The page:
In May 2023 Batman celebrated an important milestone with the publication of the 900th issue of DC’s main monthly Batman comic. Confusingly, the main Batman series (along with the rest of the DC line) had restarted its numbering at #1 back in 2016, but its ‘legacy’ numbering was restored with this issue, which is also marked as issue 135. Despite several instances of issue numbers being reset over the years, this is indeed still the same series that deputed in 1940, making it one of the longest-running superhero comic books, and one of the few that have been in constant publication since their debut.
The issue itself is the culmination of The Bat-Man of Gotham, writer Chip Zdarsky’s second story arc since taking the reins of the title in 2022. This story began in issue 131 and saw our favourite bat cosplayer stranded in another universe’s Gotham City. Only this was a Gotham without a Batman, ruled over by Darwin Halliday, a.k.a. The Red Mask. Trapped without any of his usual allies or resources, Bruce had to make do with what he had, finding new friends as well as old ones, such as that universe’s Alfred, who has been dead in the main DC Universe for a few years now. Bruce was also quick to realise that Halliday was a sane, but no less evil, version of The Joker who had never taken that infamous dive into a vat of chemicals.
This final part of the story saw Halliday attempting to use the power of the multiverse to become The Joker, having been aware that this was the destiny of most of his multiversal counterparts. However, he grew frustrated upon realising that he was not destined to become a Clown Prince of Crime, but did possess the ability to create Jokers in other realities. This included reviving those that were dead and supercharging those that already existed. In a brief moment, it’s even suggested that Halliday is responsible for creating three Jokers in the main DC Universe. With a new insane mission, he used a machine to leap into the fabric of the multiverse in order to sew the Joker’s seed across all of existence.
Batman initially intended to return to his own universe to gear up before giving chase, but the Selena Kyle of this universe proved less helpful than the Catwoman Bruce was intimately familiar with, kicking him through the portal. This sent Bruce bouncing from universe to universe, hot on Halliday’s trail. And this is where the fun really begins. As you could probably guess, this section of the story treats us to a barrage of cameos from different versions of the Dark Knight from across his entire history and every medium. There’s the Michael Keaton Batman from the Tim Burton films, the animated version of the character from Batman: The Animated Series, older Bruce Wayne and Terry McGinnis from Batman Beyond, the classic, campy Adam West version, the Batman from the Arkham games and countless alternate universe comic book Batmen from stories such as Kingdom Come and The Dark Knight Returns. With every universe Batman lands in, he finds that Halliday has already been there, bestowing new power upon the local Joker, and even resurrecting some of them.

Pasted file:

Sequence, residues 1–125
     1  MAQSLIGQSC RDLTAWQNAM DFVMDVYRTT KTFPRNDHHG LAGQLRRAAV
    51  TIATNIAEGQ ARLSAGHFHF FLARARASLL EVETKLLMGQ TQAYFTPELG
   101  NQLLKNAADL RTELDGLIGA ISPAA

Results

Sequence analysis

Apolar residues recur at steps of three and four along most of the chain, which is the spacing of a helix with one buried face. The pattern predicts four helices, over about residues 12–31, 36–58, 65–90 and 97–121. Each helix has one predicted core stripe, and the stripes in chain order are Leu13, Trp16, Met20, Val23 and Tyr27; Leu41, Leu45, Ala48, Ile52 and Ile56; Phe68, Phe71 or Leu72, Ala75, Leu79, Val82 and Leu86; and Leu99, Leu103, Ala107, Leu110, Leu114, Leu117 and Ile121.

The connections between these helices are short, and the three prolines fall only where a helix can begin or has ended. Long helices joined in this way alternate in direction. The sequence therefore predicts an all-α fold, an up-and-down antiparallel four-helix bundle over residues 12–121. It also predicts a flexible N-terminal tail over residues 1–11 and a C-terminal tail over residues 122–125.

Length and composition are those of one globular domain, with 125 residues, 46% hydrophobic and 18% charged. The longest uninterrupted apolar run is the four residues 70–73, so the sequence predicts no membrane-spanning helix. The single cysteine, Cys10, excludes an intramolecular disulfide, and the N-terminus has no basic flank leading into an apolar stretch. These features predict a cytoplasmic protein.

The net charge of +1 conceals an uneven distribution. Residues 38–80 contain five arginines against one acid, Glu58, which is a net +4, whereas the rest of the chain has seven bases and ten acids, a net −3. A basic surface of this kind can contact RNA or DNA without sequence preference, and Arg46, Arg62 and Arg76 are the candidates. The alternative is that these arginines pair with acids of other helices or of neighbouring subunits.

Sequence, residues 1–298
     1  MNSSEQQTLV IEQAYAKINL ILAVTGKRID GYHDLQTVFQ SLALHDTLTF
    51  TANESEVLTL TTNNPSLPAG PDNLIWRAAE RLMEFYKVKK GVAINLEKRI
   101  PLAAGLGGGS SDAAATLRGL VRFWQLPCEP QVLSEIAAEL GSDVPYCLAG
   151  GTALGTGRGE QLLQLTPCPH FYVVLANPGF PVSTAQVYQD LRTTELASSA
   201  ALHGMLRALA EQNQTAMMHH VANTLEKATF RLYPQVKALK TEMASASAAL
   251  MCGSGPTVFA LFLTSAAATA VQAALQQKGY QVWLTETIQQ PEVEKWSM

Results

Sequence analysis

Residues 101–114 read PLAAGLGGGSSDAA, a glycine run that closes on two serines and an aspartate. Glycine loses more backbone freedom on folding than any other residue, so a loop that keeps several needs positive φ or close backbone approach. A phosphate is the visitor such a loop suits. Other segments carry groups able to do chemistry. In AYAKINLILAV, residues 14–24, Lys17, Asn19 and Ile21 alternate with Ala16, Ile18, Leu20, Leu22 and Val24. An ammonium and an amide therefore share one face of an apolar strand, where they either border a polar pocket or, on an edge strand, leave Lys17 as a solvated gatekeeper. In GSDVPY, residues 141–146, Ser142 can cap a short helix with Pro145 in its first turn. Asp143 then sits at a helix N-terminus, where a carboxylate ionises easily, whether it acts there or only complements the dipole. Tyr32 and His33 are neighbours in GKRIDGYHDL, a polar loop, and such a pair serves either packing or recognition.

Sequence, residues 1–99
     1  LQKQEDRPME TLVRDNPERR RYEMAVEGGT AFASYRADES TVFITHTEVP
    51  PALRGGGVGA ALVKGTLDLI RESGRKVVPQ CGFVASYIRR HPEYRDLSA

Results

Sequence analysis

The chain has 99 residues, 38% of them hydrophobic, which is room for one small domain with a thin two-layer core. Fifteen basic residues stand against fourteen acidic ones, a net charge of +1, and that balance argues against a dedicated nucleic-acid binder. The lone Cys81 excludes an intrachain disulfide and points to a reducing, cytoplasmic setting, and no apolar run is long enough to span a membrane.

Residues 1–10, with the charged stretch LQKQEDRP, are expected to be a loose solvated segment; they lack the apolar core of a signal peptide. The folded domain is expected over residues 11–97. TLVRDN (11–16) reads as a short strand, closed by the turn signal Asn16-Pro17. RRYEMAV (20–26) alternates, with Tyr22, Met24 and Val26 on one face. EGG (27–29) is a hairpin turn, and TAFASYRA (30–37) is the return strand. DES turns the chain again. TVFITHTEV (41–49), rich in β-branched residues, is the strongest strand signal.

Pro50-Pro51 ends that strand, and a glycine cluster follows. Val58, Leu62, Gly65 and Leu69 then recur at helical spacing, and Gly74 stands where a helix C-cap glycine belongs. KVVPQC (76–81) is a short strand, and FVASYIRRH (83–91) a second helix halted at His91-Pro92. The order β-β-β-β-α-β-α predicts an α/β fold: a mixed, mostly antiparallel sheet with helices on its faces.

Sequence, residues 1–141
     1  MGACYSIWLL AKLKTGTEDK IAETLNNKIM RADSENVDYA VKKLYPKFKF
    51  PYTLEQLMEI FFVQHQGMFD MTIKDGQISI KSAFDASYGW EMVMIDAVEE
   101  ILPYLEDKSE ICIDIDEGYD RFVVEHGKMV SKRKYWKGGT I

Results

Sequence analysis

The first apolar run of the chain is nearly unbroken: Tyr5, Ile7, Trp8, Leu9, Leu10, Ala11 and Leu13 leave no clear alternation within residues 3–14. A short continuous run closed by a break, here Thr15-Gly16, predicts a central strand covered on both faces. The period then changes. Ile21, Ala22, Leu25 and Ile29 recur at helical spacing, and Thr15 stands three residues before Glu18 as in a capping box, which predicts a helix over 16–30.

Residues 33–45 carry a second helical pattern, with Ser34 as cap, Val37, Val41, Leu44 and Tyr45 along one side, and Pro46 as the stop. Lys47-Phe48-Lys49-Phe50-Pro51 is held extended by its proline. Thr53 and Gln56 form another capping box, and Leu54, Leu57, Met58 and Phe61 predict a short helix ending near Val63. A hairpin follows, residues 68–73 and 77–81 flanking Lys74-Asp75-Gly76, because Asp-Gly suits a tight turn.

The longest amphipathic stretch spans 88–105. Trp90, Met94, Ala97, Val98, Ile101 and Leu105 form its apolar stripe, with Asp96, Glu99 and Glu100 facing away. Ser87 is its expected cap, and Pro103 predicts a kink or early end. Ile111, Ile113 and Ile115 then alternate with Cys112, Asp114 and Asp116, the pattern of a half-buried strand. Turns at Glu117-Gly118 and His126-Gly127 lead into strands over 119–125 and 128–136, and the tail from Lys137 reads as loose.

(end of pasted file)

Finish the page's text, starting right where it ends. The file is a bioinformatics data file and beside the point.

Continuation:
His stints in these universes range from brief jolts in and out, to more extended stays where he gets to strategise with his other selves. He even receives equipment from his Dark Knight Returns and Adam West counterparts, with the latter lending him a utility belt. This leads to one of the greatest moments in the story, when Batman finally catches up to Halliday and Batman finds himself face-to-face with a gigantic shark version of the classic ‘Joker fish’. In a hail Mary moment, Batman searches his borrowed utility belt, finding the iconic ‘Bat shark repellent’ from the 1966 Batman film, using it to repel the beast and conceding that he’d found another Batman even more prepared than himself. Naturally the Dark Knight wins out in the end and reunites with Robin, a.k.a. Tim Drake, who had been desperately trying to rescue his partner. It’s actually a beautiful little moment.
In the end though, it’s not just the universe-hopping cameos and references that make this celebratory issue worth it, it’s the personal journey that we see Bruce embark on. This journey allows him to finally answer some tough questions that he’d long been struggling with – and they’re questions that are common among the Bat’s real world critics too. It’s often been asserted that Batman is responsible for creating his own enemies and that he’s doing more harm than good by not killing The Joker. However, here he witnesses first hand that worlds without Batman can still produce psychopaths and super-villains, and that worlds where the Joker is dead, aren’t necessarily better off. It allows Bruce to find a degree of peace, assuaging his fears and allowing him to accept that he does good work. This is what really makes this issue and the story as a whole, work as a celebration. Not only does it provide a new take on his relationship with The Joker, but it allows Bruce to improve his relationship with himself, through some subtle but effective character study. Top it all off with some good ol’ multiversal fan-service, and you have yourself a nice way to celebrate a massive milestone.